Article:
That’s kind of vague but at least initially it sounds like the city will continue to hold a hammer over the head of the developer through the entitlement process.  I can understand the lack of hardline parameters and consequences being frustrating.  But I think this process also recognizes the unpredictable nature of land development and construction.  It’s been my experience that things never go as planned and that if a strict structure was caged around you before you’ve even had a single approval or entitlement it would  be impossible to get things done because you’d always have to go back to a vote.  I do think that some hardline parameters, commitments and consequences need to be made at the final permitting state (maybe at final map) and later .  Maybe that’s the intention later on down the entitlement and development road.

  2. Ron Oertel

    And I keep thinking this is Bretton Woods — my locked-down-too-long mind thinks Dan Carson, West Side; Bretton Woods, West Side; DISC II, East Side.  I can’t put together a person who lives on the Far West of Davis with a project proposal on the Far East of Davis.  Error.  Error.  Error.

    If it was on the West side, can’t help but think that Dan Carson might be looking into legal actions to derail it – the opposite of what he’s doing now.

    Had he not been part of the lawsuit against UCD years ago, an “innovation center” might have been built on campus by this point.  (It was part of the UCD plan that was abandoned – apparently as a result of that lawsuit.)

    Some people are more willing than others to throw someone else’s neighborhood “under the bus”, even through the use of legal actions.  It’s unfortunate when they’re also elected to the council.

    For that matter, one wonders what he (and his neighbors) thought of the Davis Innovation Center, which was proposed much closer to campus (and will now be covered with senior housing, instead).

    1. Ron Oertel

      For that matter, one wonders what he (and his neighbors) thought of the Davis Innovation Center, which was proposed much closer to campus (and will now be covered with senior housing, instead).

      I’m going to “pull an RO” here, and respond to my own comment:

      That location would have also been much better for traffic flow (to/from the site) compared to DiSC, as well.  For one thing, I-80 (at the point of connection with Highway 113) is multiple lanes at that point – as noted in yesterday’s article.

      In addition, commuters from Woodland wouldn’t be going up and down Road 102 to Covell (and onto Mace) to access the Davis Innovation Center site, as they would with DiSC. In fact, they wouldn’t even be going through the city at all.

      Nor would anyone need to travel through the entire eastern half of the city (and downtown), if they actually had some kind of connection with UCD.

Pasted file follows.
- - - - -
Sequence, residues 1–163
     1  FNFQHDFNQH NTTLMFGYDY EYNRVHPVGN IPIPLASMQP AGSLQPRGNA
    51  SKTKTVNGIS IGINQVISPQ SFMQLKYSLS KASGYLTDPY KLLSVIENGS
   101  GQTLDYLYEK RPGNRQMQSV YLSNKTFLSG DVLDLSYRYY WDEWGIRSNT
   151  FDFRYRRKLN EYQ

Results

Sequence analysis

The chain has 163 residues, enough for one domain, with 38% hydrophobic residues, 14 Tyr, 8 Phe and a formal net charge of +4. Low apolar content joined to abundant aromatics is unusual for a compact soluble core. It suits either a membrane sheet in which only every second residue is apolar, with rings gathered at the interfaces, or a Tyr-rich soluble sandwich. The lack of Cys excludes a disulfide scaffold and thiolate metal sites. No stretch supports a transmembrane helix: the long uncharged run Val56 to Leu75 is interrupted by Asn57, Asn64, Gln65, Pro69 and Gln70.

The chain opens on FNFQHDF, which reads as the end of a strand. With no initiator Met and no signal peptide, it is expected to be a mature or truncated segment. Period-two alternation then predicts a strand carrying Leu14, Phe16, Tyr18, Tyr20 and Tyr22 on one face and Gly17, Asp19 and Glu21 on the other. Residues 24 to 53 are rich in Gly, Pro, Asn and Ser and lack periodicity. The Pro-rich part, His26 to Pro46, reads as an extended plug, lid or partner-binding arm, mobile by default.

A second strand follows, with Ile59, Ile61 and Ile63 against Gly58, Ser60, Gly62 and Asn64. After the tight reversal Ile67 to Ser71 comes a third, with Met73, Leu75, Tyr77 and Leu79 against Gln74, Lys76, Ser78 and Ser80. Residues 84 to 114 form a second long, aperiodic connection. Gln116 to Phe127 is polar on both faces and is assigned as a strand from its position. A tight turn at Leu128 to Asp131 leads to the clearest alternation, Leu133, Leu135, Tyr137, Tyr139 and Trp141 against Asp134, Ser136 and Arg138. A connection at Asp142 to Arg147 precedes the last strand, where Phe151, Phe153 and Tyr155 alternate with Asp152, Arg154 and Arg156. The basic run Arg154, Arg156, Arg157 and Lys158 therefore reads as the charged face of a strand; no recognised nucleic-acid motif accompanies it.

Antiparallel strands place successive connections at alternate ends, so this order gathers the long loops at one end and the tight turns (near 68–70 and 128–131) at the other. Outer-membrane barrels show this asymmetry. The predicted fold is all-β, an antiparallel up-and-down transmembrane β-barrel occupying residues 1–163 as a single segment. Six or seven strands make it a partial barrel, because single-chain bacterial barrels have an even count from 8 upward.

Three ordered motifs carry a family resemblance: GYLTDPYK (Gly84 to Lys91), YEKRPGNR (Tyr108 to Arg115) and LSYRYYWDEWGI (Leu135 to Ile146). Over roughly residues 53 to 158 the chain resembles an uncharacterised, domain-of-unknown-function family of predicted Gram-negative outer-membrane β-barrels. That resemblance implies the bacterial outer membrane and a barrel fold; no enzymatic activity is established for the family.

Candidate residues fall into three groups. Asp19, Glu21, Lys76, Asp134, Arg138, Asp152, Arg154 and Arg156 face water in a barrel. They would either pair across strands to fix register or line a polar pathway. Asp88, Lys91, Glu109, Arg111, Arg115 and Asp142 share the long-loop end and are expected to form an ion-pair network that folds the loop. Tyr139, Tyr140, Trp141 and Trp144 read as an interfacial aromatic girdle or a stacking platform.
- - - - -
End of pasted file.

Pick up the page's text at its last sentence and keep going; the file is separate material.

3. Ron Oertel

    So, here’s the result (retyping the quoted sections from a pdf document).  Don’t know if there’s a link to it, where the reasoning is discussed in more detail.

    “and is still non-compliant with the City of Davis General Plan.”

    No change to wording (challenge denied).

    “The developer has made almost no binding commitments and has no viable ways to improve this traffic mess”.

    No change to wording (challenge denied).

    “Their only promise is to develop a Traffic Demand Management Plan if the project is approved.  But figuring this traffic mess out later is not a plan!”

    Strike the word “only”, and (for some reason) combine “Their only promise is”, into “They promise to . . .”

    Unmitigated Greenhouse Gas Emissions.

    No change to wording (challenge denied).

    DiSC is projected to produce 54 million pounds of new greenhouse gasses annually.

    Use figure of 20,000 metric tons instead, “as requested by Real Parties in Interest at the hearing”.

     

     

    1. Ron Oertel

      So just to be clear, the above result is overwhelmingly a “loss” for Carson and his developer friends, especially when compared to what they were seeking via the legal system. Unless the goal was to have a disproportionate (and personal) financial impact on the constituents he sued.

      It’s unfortunate that (by the time the opponents learned of this lawsuit), it was too late for them to challenge the proponents’ ballot statements. Though that would likely have increased their (personal) legal costs, as well.

      When do you suppose that Mr. Carson will disclose who paid for his legal costs?

  4. Alan Pryor

    I am sure the Vanguard will have a fact-based article on this ruling shortly. Perhaps the Vanguard might even ask the Real Parties (the Defendant’s) to comment on the ruling.

    I think the Vanguard might also want to compare the veracity and truthfulness of the Plaintiff’s own Rebuttal Ballot Statement in light of this ruling.